Cahaba Elementary School welcomed its first students for the 2016-17 school year. It is located on the Mall in the Cahaba Project and occupies the renovated campus of the former Hewitt-Trussville Middle and High Schools. The historic campus was renovated at a cost of approximately $9 million and has the capacity to house up to 500 students.[13] It is expected to enroll approximately 400 students.

Magnolia Elementary School[edit]

Magnolia Elementary School was scheduled to open for the 2016-17 school year, but construction delays have pushed its opening back by a month and a half.[14] Magnolia serves most of the students in the southern part of the city.[15] A new construction with a budget of $14 million, Magnolia is large enough to house up to 500 students but is expected to enroll approximately 400.[16]

Paine Elementary School[edit]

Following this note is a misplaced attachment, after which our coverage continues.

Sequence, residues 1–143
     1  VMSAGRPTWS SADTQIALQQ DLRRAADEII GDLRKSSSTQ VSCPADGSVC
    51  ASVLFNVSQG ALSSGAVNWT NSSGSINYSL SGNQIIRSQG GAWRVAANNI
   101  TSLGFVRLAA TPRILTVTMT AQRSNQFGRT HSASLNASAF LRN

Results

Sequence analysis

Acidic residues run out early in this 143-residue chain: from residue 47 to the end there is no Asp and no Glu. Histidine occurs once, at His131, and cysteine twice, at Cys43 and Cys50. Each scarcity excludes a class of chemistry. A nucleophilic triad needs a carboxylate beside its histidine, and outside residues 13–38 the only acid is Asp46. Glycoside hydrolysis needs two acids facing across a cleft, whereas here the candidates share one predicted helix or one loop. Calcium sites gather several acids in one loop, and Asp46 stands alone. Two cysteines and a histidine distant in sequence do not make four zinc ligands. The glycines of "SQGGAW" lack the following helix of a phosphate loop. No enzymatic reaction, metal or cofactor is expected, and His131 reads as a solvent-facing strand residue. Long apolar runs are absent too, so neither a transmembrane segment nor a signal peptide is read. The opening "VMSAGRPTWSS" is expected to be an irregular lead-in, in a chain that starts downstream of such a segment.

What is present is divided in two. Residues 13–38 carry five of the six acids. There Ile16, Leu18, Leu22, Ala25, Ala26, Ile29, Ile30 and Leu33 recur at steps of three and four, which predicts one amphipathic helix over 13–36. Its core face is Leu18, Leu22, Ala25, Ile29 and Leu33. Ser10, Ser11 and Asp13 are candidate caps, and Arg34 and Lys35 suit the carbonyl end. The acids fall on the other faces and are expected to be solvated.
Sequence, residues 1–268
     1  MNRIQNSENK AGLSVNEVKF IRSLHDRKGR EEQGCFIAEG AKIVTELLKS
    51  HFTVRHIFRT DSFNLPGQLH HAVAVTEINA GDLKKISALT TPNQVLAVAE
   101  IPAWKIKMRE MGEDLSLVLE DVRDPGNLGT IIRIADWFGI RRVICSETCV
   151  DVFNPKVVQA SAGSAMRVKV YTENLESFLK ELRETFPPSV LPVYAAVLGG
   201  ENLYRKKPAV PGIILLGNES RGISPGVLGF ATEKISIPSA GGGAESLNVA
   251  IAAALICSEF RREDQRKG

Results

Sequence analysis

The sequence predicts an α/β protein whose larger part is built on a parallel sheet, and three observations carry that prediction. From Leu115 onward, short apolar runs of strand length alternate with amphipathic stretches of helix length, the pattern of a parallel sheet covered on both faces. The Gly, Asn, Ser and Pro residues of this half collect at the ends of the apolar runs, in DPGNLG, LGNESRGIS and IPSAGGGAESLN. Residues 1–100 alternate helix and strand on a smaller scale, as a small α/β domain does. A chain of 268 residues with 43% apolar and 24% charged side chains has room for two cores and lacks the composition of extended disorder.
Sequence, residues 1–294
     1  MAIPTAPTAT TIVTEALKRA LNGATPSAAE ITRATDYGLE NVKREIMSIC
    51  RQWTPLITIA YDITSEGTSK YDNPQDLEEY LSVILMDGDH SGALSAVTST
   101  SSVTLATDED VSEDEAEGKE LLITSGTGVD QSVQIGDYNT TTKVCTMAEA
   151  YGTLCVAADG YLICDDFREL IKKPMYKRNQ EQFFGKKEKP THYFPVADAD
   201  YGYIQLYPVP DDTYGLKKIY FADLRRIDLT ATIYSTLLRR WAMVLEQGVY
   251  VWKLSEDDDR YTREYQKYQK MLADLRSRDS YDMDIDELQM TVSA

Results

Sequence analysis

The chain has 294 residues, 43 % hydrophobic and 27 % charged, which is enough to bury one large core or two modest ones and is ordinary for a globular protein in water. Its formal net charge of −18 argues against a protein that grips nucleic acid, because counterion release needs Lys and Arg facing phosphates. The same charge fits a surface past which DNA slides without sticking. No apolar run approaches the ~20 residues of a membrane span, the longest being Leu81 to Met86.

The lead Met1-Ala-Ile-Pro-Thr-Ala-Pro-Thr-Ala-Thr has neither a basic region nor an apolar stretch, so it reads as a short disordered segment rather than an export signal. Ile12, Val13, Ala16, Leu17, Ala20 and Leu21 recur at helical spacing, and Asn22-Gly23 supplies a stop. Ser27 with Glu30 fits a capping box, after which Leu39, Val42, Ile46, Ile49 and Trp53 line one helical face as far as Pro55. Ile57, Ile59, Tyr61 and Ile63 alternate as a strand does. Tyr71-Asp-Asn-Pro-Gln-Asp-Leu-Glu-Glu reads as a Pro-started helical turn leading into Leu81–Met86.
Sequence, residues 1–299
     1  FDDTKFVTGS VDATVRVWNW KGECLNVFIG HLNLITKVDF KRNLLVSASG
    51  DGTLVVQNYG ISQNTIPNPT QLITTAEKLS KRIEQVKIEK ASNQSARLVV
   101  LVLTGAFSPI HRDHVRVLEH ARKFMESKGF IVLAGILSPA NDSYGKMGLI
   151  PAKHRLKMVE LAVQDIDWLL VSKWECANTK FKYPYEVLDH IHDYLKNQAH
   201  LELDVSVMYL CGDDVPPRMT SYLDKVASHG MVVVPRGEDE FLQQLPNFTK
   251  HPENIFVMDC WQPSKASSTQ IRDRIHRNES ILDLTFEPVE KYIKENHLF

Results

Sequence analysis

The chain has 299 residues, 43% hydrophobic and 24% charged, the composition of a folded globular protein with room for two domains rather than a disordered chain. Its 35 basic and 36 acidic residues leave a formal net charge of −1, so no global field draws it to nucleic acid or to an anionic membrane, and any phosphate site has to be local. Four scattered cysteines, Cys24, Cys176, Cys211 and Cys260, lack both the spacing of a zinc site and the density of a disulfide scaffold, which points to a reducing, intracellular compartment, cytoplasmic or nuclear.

Paine Elementary School is situated on U.S. Highway 11 on a tract of land donated by Amerex Corporation founders Ned and Goldie Paine. Paine previously comprised two distinct schools on the same campus: Paine Primary School, which enrolled grades K-2, and Paine Intermediate School, which enrolled grades 3-5. Starting with the 2016-17 academic year, the two schools were consolidated as one. The most recent enrollment data for the two schools, from 2013-14, indicated that they jointly enrolled 1,873 students and employed 141 teachers.[17][18][19] That number is expected to be cut by half with the opening of Cahaba and Magnolia Elementary Schools.[15]


Trussville City Schools are governed by the Trussville Board of Education, which comprises five individuals who serve staggered five-year terms. Members are appointed by the Trussville City Council as there are openings on the board. All members of the board serve as volunteers, without pay.

Current board members are:

  • Bill Roberts, President (2014-2019)
  • Sid McNeal, Vice-President (2012-2017)